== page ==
Doorways in the Sand Chapter 7 Dennis Wexroth didn't say a damn thing. If he had, I might have killed him j ust then. He stood there with his palms pressed against the wall behind him, a d eepening redness about his right eyesocket where it would eventually puff up and go purple. The receiver of his uprooted telephone hung over the edge of the was tebasket where I had buried it. In my hand was a fancy piece of parchment which told me that ydissaC mahgnin nuC kcirederF had received a .ygoloporhtnA ni etarotcoD fo yhposolipP Fighting for some measure of control, I slipped it back into its envelope an d dammed my river of profanity. "How?" I said. "How could you possibly do such a thing? It... It's illegal!" "It is perfectly legal," he said softly. "Believe me, it was done under advi ce." "We'll just see how that advice holds up in court," I said. "I was never adm itted to grad school, I haven't submitted a dissertation, I never took any orals or language exams and no notice was filed. Now you tell me how you justify givi ng me a Ph. D. I'd really like to know." "First, you are enrolled here," he said. "That makes you eligible for a degr ee." "Eligible, yes. Entitled, no. There is a distinction" "True, but the elements of entitlement are determined by the administration" "What did you do? Have a special meeting?" "As a matter of fact, there was one. And it was determined that enrollment a s a full-time student was to be deemed indicative of the intention to take a deg ree. Consequently, if the other factors were met-" "I've never completed a major," I said. "The formal course requirements are less rigid when it comes to the matter o f an advanced degree." "But I never took a B.A.!" He smiled, thought better of it, erased it. "If you will read the regulations very carefully," he said, "you will see th at nowhere do they state that a baccalaureate is a prerequisite for an advanced degree. A 'suitable equivalent' is sufficient to produce a 'qualified candidate. ' They are phrases of art, Fred, and the administration does the construing." "Even granting that, the dissertation requirement is written into the regs. I've read that part." "Yes. But then there is Sacred Ground: A Study of Ritual Areas, the book you submitted to the university press. It is sufficiently appropriate to warrant tr eatment as an anthropology dissertation." "I've never submitted it to the department for anything." "No, but the editor asked Dr. Lawrence's opinion of it. His opinion, among o ther things, was that it would do for a dissertation." "I'll nail you on that point when I get you in court," I said. "But go on. I 'm fascinated. Tell me how I did on my orals." "Well," he said, looking away, "the professors who would have sat on your bo ard agreed unanimously to waive the orals in your case. You have been around so long and they know you so well that they considered it an unnecessary formality. Besides, two of them were classmates of yours as undergraduates and they felt k ind of funny about it." "I'll bet they did. Let me finish the story myself. The heads of the languag e departments involved decided I had taken sufficient courses in their respectiv e bailiwicks to warrant their certifying as to my reading abilities. Right?" "That, basically, is it." "It was easier to give me a doctorate than a B.A.?" "Yes, it was." I wanted to hit him again, but that wasn't the answer. I drove my fist into my palm, several times.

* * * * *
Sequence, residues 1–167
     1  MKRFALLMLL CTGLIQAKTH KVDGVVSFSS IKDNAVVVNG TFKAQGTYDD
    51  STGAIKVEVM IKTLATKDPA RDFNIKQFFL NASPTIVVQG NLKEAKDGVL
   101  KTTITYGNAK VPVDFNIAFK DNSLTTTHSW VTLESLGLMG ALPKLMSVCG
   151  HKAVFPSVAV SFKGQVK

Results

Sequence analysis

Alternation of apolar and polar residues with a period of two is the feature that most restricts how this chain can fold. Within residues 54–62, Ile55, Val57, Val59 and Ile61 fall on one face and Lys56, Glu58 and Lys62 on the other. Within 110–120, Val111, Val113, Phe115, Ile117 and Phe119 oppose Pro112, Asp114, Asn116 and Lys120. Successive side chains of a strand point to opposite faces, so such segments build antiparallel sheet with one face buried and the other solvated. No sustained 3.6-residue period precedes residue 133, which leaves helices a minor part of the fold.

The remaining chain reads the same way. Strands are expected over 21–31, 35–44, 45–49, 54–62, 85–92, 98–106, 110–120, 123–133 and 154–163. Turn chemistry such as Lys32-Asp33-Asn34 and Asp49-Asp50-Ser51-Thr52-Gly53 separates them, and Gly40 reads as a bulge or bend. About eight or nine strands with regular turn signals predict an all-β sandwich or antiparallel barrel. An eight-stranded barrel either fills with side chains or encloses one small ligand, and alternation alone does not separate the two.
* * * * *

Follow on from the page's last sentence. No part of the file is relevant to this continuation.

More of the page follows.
"Why?" I said. "Now I know how you did it, but the really important thing is why." I began to pace. "I've paid this university its tuitions, its fees, for s ome thirteen years now-a decent little sum when you stop to add things up- and I 've never bounced a check here, or anything like that. I have always gotten alon g well with the faculty, the administration, the other students. Except for my c limbing, I've never been in any really serious trouble, done anything to give th e place a black eye . . . Pardon me. What I am trying to say is that I've been a pretty decent customer for what you are selling. Then what happens? I turn my b ack, I go out of town for a little while and you slip me a Ph. D. Do I deserve t hat kind of treatment after giving you my patronage all this time? I think it wa s a rotten thing to do and I want an explanation. Now, I want one. Now! Do you r eally hate me that much?" "Feelings had nothing to do with it," he said, raising his hand slowly to pr od the upper reaches of his cheek. "I told you I wanted to get you out of here b ecause I did not approve of your attitude, your style. That still holds. But thi s was none of my doing. In fact, I opposed it There were-well-pressures brought to bear on us." "What kind of pressures?" I asked. He turned away. "I do not believe I am the one to be talking about it, reall y." "You are," I said. "Really. Tell me about it." "Well, the university gets a lot of money from the government, you know. Gra nts, research contracts . . ." "I know. What of it?" "Ordinarily, they keep their nose out of our business." "Which is as it should be." "Occasionally, though, they have something to say. When they do, we generall y listen." "Are you trying to tell me I've been awarded my degree by government request ?" "In a word, yes." "I don't believe you. They just don't do things like that." He shrugged. Then he turned and looked at me again. "There was a time when I would have said the same thing," he told me, "but I know better now." "Why did they want it done?" "I still have no idea." "I find that difficult to believe." "I was told that the reason for the request was of a confidential nature. I was also told that it was a matter of some urgency, and he waved the word 'secur ity' at us. That was all that I was told." I stopped pacing. I jammed my hands into my pockets. I took them out again. I found a cigarette and lit it. It tasted funny. But then, they all did these da ys. Everything did. "A man named Nadler" he said, "Theodore Nadler. He is with the State Departm ent. He is the one who contacted us and suggested . . . the arrangements." "I see," I said. "Is that who you were trying to call when I removed the mea ns of doing it?" "Yes." He glanced at his desk, crossed to it, picked up his pipe and his pouch. "Yes," he repeated, loading the bowl. "He asked me to get in touch with him if I caught sight of you. Since you have seen to it that I can't do it right now , I would suggest that you call him yourself if you want further particulars." He put the pipe between his teeth, leaned forward and scrawled a number on a pad. He tore the sheet off and handed it to me. I took it, glanced at the screwed-up digits, stuck it into my pocket. Wexrot h lit his pipe. "And you really don't know what he wants of me?" I said. He pushed his chair back into its proper position, then seated himself. "I have no idea."